DEAR BENNY: We own 10 rental properties, but the rent does not cover our expenses. Two properties are condos, but the rest are very nice single-family homes in good condition and good locations. Here in Florida, it is not a good time to sell, but we can no longer keep up the $9,500-a-month deficit. Should we dump them and lose all of our down payment and equity or should we borrow and hang on? –Cathy
DEAR CATHY: Many years ago, I had a client in similar circumstances. I suggested that he consider selling one or two of the properties — even at a loss — so that he would start having positive cash flow. He refused to follow my advice, and has now lost all of his properties.
Obviously, I cannot predict the future of the Florida real estate market, but historically, real estate has been like a roller-coaster: Some years it goes up, and some years it goes down.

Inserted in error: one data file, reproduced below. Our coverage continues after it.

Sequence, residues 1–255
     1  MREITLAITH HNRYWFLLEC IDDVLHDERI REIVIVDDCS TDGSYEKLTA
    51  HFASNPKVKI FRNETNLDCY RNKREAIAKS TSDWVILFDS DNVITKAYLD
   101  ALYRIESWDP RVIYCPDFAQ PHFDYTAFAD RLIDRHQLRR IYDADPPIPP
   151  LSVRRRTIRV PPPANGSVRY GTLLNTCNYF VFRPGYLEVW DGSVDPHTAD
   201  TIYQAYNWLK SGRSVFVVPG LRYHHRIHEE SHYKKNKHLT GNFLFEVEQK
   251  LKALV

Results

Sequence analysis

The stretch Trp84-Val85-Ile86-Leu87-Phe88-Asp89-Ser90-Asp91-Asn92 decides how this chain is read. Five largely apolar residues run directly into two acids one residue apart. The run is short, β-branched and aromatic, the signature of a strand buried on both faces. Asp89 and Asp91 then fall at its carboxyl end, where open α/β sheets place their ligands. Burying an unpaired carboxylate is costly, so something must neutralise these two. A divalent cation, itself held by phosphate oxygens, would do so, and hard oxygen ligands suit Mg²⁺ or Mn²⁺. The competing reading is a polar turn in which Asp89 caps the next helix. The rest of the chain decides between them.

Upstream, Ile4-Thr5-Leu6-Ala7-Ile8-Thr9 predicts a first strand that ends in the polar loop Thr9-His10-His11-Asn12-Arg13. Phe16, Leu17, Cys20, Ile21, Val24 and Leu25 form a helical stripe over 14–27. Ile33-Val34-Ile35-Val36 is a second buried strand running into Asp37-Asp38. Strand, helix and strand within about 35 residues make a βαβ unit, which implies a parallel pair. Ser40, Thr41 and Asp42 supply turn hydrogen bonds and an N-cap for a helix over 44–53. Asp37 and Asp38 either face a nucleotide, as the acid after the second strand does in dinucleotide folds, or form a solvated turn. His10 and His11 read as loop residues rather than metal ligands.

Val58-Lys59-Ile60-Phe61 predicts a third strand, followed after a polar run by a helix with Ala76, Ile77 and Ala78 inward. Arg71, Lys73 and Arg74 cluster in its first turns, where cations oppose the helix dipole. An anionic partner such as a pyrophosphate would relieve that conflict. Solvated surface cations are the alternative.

Why would you want to dump all of those properties? Why not consider selling off one or two, and then your debt service would be reduced. Furthermore, since you say you have equity, when you sell a couple of your investments, you should have some extra cash — even after paying any capital gains tax.
On the other hand, if you have any properties that would generate a loss, perhaps you should consider selling them first, so that you can take the appropriate tax loss when you file your income tax return next year.